Golf is a major global industry. It is played by more than 60 million people worldwide, and there are more than 32 000 courses in 140 countries across the globe. Golf is a sport that has traditionally appealed to the wealthy and powerful in particular, though it attracts players and spectators from a wide range of demographics. Golf has also received criticism regarding its impact on the environment, particularly when it comes to the appropriation of land for golf course development and the use of water and pesticides in course management. The golf industry has, over time, responded to these and other concerns by stressing its capacity for recognizing and dealing with environmental problems. Yet there are reasons to be sceptical about the golf industry's environmental leadership – and, indeed, to be sceptical about corporate environmentalism in general. This book looks at the power relationships in and around golf, examining whether the industry has demonstrated such leadership on environmental matters that it should be trusted to make weighty decisions that have implications for public and environmental health. This is the first comprehensive study of the varying responses to golf-related environmental issues. It is based on extensive empirical work, including research into historical materials and interviews with stakeholders in golf such as course superintendents, protesters, and health professionals. The authors examine golf as a sport and as a global industry, drawing on and contributing to literatures pertaining to environmental sociology, global social movements, institutional change, corporate environmentalism and the sociology of sport.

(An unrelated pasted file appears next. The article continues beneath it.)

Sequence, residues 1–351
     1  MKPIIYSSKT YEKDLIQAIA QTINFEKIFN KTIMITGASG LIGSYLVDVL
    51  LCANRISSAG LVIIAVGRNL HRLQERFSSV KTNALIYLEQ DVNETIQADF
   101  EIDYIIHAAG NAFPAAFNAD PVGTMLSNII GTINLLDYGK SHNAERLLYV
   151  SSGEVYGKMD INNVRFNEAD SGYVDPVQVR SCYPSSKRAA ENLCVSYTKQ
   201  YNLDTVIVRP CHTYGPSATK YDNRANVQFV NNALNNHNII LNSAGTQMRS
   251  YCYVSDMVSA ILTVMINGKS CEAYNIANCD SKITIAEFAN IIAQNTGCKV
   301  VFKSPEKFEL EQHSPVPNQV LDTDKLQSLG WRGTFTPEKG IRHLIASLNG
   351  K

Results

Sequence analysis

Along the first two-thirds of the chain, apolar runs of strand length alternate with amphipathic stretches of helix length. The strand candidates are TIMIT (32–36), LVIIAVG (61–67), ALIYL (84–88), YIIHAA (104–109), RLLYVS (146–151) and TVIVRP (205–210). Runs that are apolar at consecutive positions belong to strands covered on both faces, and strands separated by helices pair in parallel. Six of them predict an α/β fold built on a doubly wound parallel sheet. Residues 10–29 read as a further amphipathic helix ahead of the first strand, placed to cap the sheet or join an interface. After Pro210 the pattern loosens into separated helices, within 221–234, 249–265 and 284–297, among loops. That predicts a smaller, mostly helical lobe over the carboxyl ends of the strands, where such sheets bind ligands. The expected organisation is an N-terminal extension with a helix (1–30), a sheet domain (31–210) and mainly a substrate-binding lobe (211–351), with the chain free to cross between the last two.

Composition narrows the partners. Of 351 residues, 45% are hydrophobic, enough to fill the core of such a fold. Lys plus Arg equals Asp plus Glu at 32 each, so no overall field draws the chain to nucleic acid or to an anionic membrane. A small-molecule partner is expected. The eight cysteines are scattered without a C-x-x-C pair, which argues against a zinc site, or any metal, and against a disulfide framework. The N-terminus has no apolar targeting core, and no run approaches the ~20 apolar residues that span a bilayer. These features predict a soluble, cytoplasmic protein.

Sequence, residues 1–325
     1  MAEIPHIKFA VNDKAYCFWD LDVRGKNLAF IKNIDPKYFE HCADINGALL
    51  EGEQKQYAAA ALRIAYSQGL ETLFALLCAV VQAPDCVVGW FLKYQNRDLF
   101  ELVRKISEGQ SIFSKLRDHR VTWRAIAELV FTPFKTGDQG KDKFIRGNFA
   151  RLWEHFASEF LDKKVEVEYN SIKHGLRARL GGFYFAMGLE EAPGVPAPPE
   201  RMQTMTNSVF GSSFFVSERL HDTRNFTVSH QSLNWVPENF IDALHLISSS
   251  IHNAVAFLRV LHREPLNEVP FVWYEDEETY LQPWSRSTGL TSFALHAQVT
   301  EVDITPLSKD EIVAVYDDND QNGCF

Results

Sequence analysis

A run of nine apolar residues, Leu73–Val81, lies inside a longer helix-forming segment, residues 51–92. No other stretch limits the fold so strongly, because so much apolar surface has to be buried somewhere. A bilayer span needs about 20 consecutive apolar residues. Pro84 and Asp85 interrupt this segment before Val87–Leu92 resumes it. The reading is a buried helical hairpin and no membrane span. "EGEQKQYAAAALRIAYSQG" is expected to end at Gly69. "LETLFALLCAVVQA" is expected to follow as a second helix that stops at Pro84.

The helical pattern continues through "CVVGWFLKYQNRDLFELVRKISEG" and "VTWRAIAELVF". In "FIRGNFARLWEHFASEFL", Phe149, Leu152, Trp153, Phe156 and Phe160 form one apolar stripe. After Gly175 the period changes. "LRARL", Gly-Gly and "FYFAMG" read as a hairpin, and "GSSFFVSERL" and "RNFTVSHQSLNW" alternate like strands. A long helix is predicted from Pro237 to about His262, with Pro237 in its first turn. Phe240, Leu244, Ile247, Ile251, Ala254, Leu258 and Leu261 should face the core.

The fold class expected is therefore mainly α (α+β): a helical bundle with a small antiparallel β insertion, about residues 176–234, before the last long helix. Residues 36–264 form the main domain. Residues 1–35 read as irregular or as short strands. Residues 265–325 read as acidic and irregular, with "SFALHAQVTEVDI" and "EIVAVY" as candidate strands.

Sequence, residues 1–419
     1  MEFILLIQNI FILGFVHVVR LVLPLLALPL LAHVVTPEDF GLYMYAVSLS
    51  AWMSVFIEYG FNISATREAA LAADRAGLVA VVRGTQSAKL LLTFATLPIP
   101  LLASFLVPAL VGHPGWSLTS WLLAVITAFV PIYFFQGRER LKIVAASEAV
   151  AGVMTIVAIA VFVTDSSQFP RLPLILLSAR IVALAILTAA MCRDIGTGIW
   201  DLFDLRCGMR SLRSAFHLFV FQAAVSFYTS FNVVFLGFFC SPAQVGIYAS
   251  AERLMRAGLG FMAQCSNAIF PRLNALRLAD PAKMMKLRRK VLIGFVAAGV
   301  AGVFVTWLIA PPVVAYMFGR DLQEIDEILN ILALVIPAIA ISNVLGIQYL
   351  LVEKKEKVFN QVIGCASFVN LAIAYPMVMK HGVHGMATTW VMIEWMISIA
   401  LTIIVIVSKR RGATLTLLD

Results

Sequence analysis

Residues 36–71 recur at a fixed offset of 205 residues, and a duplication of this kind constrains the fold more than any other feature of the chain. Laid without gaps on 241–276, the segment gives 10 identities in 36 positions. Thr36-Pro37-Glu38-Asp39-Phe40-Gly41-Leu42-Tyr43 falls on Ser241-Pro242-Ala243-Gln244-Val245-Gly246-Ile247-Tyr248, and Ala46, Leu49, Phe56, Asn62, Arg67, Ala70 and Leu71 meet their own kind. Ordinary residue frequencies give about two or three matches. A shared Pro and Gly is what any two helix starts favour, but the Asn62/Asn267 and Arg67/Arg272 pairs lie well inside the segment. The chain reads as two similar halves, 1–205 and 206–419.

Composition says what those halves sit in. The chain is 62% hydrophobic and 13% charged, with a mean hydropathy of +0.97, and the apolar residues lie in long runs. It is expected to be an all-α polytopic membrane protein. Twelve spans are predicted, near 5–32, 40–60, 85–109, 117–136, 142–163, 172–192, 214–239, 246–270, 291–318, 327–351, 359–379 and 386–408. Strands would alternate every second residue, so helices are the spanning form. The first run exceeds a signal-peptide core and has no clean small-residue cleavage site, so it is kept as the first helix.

The Member States between procedural adaptation and structural revolution
Jürgen Mittag and Wolfgang Wessels
of contact in Brussels while the Council – which is
less accessible – plays only a minor role for interest groups as they may
turn instead to their governments in the national capitals. All in all, we
can see that many have become active multi-level players in the semi-official, and even more in the informal and non-hierarchical networks.30
Constitutional provisions: smooth and limited adaptations
Looking at one major indicator for institutionalchange – the legal constitutions of Member States – the findings show again a modest rate of
EC/EU-related revisions. The
A century ago, state institutes of public health played an important role in the production of sera and vaccines. In The Netherlands and the Scandinavian countries they continued to do so until after World War II. Focusing in particular on The Netherlands, this chapter examines their withdrawal from vaccine production in the past 20 years. In the 1980s the Dutch government was still committed to maintaining the state’s ability to produce the vaccines needed by the national vaccination programme. A series of legal and institutional changes sought to protect the public sector vaccine producer against the threat of privatisation. These changes ultimately proved inadequate. Not only was the Institute’s ability to meet demand for new vaccines being eroded by global developments, but policy makers were increasingly convinced that vaccination practices should be harmonised with those of other European countries. The decision to sell off the Dutch state’s vaccine production facilities, taken in 2009, has to be understood in historical context. It was the outcome of globalisation processes that for two decades had worked simultaneously on both the supply and the demand sides
Between international relations and European studies
Ben Tonra and Thomas Christiansen
issues that the EU has had to confront in the
development of an effective foreign policy, and the desire to address